Trustees with trauma cover within their SMSF need to pay particular attention to the situation due to the approach regulators are able to take in reviewing these arrangements, according to a risk insurance expert.
Holding trauma insurance inside an SMSF is not allowed for new policies issued after 1 July 2014.
However, policies taken out before this date and held within an SMSF are allowed to continue due to a grandfathering provision contained in the legislation governing super introduced in 2007.
“If the policy was established inside the fund prior to 1 July 2014, it may stay there, but proceed with extreme caution,” BT Financial Group life insurance product development senior manager Jeffrey Scott said.
“Because both the ATO and APRA (Australian Prudential Regulation Authority) have stated, prima facie, having trauma insurance inside super does not breach the sole purpose test but if there is an unreasonable diversion of assets of the fund to pay for trauma premiums, it may make the fund non-complying.”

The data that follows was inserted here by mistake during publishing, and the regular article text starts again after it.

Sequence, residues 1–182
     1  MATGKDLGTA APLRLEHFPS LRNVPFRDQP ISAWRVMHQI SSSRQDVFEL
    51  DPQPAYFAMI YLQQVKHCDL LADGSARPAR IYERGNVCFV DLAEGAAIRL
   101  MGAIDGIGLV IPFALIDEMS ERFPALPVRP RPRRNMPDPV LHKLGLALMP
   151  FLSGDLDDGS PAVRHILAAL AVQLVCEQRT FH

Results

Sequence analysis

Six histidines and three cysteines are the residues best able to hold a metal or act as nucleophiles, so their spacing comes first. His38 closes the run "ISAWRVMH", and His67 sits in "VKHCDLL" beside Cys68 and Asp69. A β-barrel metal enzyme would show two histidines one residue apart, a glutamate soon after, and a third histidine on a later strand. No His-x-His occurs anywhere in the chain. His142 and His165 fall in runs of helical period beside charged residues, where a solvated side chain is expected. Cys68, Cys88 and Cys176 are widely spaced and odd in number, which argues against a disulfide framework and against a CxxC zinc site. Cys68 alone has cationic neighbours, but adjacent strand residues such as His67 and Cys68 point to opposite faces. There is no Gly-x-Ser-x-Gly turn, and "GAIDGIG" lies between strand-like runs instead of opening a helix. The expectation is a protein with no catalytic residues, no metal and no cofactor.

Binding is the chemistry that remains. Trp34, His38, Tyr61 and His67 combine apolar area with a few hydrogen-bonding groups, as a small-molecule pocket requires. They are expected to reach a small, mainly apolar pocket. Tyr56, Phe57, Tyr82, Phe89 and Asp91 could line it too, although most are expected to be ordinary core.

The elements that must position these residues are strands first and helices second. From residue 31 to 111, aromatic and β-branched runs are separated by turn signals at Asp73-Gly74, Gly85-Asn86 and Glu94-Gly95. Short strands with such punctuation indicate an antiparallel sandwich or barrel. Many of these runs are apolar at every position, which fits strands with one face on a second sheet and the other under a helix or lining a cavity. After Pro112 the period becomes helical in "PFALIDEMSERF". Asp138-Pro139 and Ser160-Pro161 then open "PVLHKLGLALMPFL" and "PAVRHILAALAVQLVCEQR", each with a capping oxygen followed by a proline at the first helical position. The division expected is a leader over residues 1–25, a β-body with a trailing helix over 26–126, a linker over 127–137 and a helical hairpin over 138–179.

Scott highlighted the clarification needed here was to determine what was an unreasonable diversion of assets.
“We’ve gone both to the ATO and gone to APRA to ask the question ‘what is unreasonable?’” he said.
“The ATO came back and said whatever we deem it to be after we do the audit of your fund. That doesn’t provide you with much comfort.”
Due to this arbitrary power the regulator has to make an SMSF non-complying due to trauma cover inside the fund, Scott’s advice is for trustees to hold this type of insurance outside the super fund.